Leslie Hewitt creates conceptual works that, in presentations framed in wood and often rested against a wall, suggest a relationship between photography and sculpture. Through assemblage and abstraction, her still-life pictures of books and old photos imbue everyday pop-cultural items with a certain spiritual depth. The artist’s International Center of Photography talk will move through the development of her work and touch on newer pieces, like Untitled (Structures), a recent two-channel film that Hewitt created by culling from the civil rights photography archives of Houston’s Menil Collection.
International Center of Photography, 1114 Avenue of the Americas, 7–9 p.m.
THURSDAY, DECEMBER 7
Talk: “Art & AIDS: The Influence of Art in the AIDS Epidemic” at Leslie-Lohman Museum of Gay and Lesbian Art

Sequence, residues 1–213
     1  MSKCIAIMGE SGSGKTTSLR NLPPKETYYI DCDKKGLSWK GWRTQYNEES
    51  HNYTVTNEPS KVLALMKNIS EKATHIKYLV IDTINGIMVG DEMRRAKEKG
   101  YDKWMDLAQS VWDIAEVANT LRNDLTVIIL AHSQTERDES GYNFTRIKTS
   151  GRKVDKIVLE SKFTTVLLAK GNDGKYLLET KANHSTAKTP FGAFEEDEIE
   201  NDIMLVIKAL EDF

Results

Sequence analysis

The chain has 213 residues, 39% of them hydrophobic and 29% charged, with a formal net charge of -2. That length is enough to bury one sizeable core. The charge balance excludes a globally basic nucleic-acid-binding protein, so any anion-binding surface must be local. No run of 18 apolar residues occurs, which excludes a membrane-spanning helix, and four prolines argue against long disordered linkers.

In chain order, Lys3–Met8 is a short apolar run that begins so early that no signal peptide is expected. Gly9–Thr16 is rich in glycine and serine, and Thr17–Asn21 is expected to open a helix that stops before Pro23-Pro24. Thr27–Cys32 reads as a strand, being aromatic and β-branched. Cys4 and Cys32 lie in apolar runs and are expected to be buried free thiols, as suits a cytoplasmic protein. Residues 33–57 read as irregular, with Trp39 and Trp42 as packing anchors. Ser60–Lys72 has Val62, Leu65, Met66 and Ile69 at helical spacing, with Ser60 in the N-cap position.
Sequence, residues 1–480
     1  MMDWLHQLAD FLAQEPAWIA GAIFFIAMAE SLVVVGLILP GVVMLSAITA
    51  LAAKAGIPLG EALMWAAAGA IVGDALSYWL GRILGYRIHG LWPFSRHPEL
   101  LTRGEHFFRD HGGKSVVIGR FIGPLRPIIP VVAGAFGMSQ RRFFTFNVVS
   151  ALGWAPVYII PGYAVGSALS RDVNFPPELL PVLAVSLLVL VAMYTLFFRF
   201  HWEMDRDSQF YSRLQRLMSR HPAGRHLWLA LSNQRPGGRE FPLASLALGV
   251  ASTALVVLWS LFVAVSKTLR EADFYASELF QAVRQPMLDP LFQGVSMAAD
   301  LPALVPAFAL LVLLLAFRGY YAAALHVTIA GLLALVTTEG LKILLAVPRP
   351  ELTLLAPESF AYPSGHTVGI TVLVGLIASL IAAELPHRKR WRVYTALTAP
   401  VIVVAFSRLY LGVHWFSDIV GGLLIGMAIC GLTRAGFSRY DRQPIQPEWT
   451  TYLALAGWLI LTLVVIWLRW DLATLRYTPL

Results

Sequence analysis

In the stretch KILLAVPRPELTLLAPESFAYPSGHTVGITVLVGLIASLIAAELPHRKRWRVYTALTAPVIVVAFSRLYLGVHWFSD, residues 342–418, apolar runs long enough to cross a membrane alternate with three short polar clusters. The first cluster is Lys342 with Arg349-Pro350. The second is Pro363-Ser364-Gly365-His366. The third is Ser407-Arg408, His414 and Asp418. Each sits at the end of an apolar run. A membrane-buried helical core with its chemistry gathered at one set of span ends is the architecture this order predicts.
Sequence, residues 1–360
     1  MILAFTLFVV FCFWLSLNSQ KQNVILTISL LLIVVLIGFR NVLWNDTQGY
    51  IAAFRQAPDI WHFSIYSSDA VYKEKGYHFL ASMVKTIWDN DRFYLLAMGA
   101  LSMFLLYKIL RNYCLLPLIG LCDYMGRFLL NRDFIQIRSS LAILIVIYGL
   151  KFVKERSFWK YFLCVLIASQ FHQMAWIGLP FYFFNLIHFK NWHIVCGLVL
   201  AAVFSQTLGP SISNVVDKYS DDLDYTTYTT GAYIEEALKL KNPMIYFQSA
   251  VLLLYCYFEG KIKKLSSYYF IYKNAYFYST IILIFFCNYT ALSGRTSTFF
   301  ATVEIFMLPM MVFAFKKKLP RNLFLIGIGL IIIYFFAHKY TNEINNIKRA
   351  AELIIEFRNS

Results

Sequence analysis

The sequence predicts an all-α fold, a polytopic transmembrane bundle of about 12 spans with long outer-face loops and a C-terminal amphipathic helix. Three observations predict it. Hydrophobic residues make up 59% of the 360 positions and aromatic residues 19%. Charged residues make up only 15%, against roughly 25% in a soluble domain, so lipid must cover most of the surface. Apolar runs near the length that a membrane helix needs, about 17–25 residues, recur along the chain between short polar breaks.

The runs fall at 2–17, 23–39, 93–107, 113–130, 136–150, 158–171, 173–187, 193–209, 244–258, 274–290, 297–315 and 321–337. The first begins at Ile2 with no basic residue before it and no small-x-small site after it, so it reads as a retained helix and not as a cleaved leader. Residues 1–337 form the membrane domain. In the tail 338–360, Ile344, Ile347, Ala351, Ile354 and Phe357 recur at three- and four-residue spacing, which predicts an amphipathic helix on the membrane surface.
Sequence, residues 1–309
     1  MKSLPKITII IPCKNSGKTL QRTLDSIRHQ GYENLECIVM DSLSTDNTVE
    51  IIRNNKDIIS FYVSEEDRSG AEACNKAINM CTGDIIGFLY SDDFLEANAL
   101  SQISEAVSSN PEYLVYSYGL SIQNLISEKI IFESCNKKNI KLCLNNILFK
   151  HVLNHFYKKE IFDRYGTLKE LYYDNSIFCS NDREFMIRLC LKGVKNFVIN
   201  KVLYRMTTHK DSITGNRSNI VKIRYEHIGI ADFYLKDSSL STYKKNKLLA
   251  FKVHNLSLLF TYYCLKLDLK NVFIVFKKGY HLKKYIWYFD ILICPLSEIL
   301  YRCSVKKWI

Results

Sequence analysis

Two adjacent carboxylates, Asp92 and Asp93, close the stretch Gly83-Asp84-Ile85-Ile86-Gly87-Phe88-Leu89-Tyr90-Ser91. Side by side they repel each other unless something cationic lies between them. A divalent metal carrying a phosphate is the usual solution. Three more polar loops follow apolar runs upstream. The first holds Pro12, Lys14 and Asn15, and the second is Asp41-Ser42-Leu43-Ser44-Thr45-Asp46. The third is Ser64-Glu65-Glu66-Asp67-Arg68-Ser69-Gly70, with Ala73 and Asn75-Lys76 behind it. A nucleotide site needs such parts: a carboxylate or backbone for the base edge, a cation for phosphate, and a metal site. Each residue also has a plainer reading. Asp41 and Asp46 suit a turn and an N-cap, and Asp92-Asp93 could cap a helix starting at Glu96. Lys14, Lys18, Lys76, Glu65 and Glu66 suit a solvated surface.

This panel discussion runs concurrently with the Gay Men’s Health Crises–curated exhibition “Art & AIDS: 35 Years of Survival,” on view until December 30 at the Leslie-Lohman Museum in SoHo. Moderated by museum cofounder Charles Leslie, the talk, like the exhibition as a whole, will focus on art’s role within the AIDS epidemic. Panelists include artist and philanthropist Sally Fisher, artist and GMHC senior health care community specialist Luna Ortiz, activist and Visual AIDS executive director Nelson Santos, and AIDS activist and artist Robert Vázquez-Pacheco.
Leslie-Lohman Museum of Gay and Lesbian Art, 26 Wooster Street, 6–8 p.m.
Screening: Frantz Fanon: Black Skin, White Masks at NYU
Isaac Julien’s 1995 film about the Afro-Caribbean theorist and activist Frantz Fanon was titled after a 1952 book by the writer of the same name. Fanon’s book is regarded as an important text within the history of anti-colonial thought. In homage, Julien, using everything from staged reenactments to archival footage, explores the writer’s ideas and legacy in a decidedly essayistic manner. After the screening, there will be a discussion between Julien and Mark Nash, the film’s producer.
Heagop Kevorkian Center for Near Eastern Studies at NYU, 255 Sullivan St, 6–9 p.m.
Opening: “The Shadow Archive: An Investigation Into Vernacular Photography” at the Walther Collection